Mayor to Wastewater Workers: Keep Up the Good Work

Monday, December 03, 2012

From left, DEP Chief Operating Officer Katheryn Garcia, Mayor Michael Bloomberg and plant chief Phillip Rocle outside the Oakwood Beach Wastewater Plant (Brigid Bergin/WNYC)

Mayor Michael Bloomberg continued to thank city workers for their efforts during Sandy when he toured the Oakwood Beach Wastewater Treatment Plant on Staten Island on Monday.

During the height of the storm, Department of Environmental Protection employees kept the facility running, which prevented sewage from backing up into local streets and homes.

On Monday, Bloomberg was greeted by plant chief Phillip Rocle, who walked the mayor through the site explaining just how he and his team kept it running.

Unlike DEP's 14 other wasterwater sites, the Oakwood Beach plant does not have a physical relief mechanism if the system gets overwhelmed, either from storm water, seawater or sewage. 

"So to keep from backing up, we have to keep pumping," Rocle said.

That's what prevented sewage from backing up into local homes and streets. The site did have to switch to emergency power due to voltage issues and sustained damage to some of its pumps from debris in the floodwater.

Before leaving the facility, Bloomberg thanked a lunchroom full of DEP employees saying that Sandy was the first of many severe weather events that pose a threat to the city.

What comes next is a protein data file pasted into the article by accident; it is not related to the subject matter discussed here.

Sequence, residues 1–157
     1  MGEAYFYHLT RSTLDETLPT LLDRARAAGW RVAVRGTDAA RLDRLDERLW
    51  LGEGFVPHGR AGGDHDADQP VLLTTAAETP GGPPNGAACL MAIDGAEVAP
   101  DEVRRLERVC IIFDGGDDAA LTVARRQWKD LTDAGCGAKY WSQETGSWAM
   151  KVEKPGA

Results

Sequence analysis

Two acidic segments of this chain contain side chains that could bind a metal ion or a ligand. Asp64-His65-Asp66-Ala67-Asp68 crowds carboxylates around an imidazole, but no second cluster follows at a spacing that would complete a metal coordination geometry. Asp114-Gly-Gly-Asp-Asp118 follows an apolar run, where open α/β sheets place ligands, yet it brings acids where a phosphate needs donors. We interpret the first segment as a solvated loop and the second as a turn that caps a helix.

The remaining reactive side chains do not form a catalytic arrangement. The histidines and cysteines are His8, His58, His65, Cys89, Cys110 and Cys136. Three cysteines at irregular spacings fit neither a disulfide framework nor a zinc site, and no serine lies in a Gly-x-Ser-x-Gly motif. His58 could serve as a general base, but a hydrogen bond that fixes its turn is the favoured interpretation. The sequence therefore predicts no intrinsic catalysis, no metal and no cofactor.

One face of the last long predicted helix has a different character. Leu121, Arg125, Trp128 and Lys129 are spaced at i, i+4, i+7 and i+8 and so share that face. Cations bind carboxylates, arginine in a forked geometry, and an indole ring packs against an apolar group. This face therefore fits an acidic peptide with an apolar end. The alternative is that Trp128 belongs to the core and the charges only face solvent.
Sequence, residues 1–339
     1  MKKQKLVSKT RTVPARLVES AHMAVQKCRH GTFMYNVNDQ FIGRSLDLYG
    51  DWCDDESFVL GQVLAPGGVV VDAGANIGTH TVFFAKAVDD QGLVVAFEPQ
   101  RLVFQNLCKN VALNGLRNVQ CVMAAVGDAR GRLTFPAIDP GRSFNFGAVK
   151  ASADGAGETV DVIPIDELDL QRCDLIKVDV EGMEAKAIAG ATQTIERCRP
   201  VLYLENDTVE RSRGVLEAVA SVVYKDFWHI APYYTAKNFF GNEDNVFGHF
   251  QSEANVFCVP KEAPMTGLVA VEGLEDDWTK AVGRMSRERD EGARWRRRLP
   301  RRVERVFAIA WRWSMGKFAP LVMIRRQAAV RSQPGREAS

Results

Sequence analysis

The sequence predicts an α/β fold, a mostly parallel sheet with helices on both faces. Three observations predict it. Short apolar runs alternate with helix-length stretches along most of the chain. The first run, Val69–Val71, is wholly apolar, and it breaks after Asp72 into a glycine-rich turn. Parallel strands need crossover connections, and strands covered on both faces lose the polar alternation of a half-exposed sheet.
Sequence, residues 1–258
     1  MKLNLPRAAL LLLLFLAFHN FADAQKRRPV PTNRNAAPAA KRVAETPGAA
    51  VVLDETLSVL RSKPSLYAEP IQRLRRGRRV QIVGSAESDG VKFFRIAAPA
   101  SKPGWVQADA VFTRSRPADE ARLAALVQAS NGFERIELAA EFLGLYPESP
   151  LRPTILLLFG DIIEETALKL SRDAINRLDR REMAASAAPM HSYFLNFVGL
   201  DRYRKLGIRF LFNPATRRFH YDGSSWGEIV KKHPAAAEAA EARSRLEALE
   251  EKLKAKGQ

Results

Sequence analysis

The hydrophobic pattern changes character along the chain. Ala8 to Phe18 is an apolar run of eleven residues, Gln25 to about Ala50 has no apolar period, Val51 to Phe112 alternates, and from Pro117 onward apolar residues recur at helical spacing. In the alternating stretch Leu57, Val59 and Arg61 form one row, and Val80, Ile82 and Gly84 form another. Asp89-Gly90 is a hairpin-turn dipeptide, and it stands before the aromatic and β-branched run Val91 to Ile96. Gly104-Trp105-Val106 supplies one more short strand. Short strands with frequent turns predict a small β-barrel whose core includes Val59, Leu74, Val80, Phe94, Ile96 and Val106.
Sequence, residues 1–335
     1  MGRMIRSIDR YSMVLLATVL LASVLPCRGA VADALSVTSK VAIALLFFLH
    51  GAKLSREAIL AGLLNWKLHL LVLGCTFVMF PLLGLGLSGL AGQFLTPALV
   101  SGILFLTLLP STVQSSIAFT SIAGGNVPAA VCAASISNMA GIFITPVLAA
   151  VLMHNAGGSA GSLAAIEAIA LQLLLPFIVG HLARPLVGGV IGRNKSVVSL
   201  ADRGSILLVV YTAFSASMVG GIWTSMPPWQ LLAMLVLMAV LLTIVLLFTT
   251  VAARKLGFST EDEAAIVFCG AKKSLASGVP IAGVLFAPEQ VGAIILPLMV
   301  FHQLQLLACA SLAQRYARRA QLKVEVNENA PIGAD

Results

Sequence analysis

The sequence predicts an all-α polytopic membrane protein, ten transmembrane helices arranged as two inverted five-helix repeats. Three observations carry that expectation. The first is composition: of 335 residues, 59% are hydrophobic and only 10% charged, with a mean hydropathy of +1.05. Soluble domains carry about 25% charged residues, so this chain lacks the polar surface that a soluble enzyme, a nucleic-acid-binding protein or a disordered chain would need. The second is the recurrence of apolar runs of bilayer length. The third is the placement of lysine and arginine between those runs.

"Some very changing and challenging times here," said Bloomberg, who is scheduled to deliver a major policy speech Thursday morning on how the city will tackle the long-term challenges of the aftermath of Sandy and climate change. "We've got lots of parts of the infrastructure of this city that we depend on you for, so keep up the good work."

On an average day, the Oakwood plant treats 30 million gallons of wastewater. During Sandy, the plant took in more than 80 million gallons.


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Comments [2]

Glenn Rocle from Staten Island

It was heartening to see the Mayor recognize the unselfish efforts and sacrificies of these DEP workers during hurricane Sandy. Phill Rocle, and his crew, worked feverishly and tirelessly for over 30 hours to avert, what could have become, a possible biological disaster on top of the physical wreck and ruin left by the storm!

Also worth noting, is that all the while these people manned their station, they were isolated from their own homes, family and loved ones!

Job well done!!

Dec. 06 2012 02:36 PM
VMGillen from Elm Park, Staten Island

DEP on Staten Island gets kudos, I agree. Woefully understaffed, woefully underequipped (Staten Island is truly the forgotten borough) this Agency has been working hard to keep up with ever-increasing demands. Over the summer they cleaned out the storm sewers throughout the North Shore - so when the water came in, it was able to go back out. The year before (Irene) I was able to kayak around my block; not this time. Our sewage treatment plants operate over capacity when they open; development continues unabated with no increase in capacity for these plants. I am constantly amazed that developers can extract boatloads of money without putting anything into the neighborhood, a failure that really reminds me of colonial extraction...

Dec. 04 2012 06:51 AM

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